Marketed by Pressman under the name Othello, this strategy game has existed for over a hundred years as the game called Reversi. It was popular at the end of the nineteenth century in England, and appeared in a modernized version in Japan in the 1970's, where Othello became the registered trademark. The name is a reference to the Shakespearean play of the same name.
Othello is played on a green board with 64 squares. It is a two-player game. Similar to the abstract thinking that goes into chess, it is important to think ahead before placing your pieces rather than just concentrating on your current turn. In the middle four squares of the board are placed four pieces. Each piece has two sides on them: one black and one white. One white piece is placed next to one black piece and then on the next row, one black and one white.
The object of Othello is to have the most squares on the board in your color by the end of the game. The game ends when either all squares are filled or either you or your opponent can't move. Players decide who will be which color. Black goes first by placing one of his black pieces on the other side of a white piece. This will then turn the white piece in between to a black piece.
White then has to place a white piece on the other end of a black piece and will then turn each black piece between his white pieces into white pieces. Play then continues until all squares are filled or nobody can move.
It sounds easy, but to play Othello is highly complex as one move can turn several pieces to your opponent's color in an instant.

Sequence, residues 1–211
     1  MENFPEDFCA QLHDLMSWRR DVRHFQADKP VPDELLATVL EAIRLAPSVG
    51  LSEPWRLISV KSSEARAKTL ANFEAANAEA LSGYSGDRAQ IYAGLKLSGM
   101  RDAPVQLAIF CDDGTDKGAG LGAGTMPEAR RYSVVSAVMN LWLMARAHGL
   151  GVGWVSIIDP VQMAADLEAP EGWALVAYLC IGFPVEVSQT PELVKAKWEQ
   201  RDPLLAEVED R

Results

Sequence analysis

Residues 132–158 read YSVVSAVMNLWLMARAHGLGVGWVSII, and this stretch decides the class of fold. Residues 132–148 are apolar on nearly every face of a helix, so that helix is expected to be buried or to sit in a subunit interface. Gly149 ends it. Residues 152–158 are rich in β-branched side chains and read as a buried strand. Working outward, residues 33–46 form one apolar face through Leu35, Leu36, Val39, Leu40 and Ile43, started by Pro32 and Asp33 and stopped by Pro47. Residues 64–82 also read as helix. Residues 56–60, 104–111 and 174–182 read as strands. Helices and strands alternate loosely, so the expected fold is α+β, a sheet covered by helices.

When a player places a piece on the Othello board, every piece of the opponent's color that is in a horizontal, vertical, or diagonal line between the piece of the first player's color and the new piece are flipped to show that player's color. This can sometimes result in anywhere from one piece to entire rows of pieces being turned all at once. This is why it is not always the best strategy to have the most colored pieces on the board at any one time, but to have the best strategically placed pieces ready to turn your opponent's pieces.
The most important squares on an Othello board are the corners. Corner pieces can never be turned and if you have a corner piece and your opponent has the next six squares, obtaining the next corner means you have a solid eight-square row that cannot be turned for the rest of the game.
When all the squares are full or either player cannot move, count up the pieces on the board. Whoever has the most colors on the board wins the game. If you decide to play Othello again, the winner gets to select his color. Just remember: black always goes first.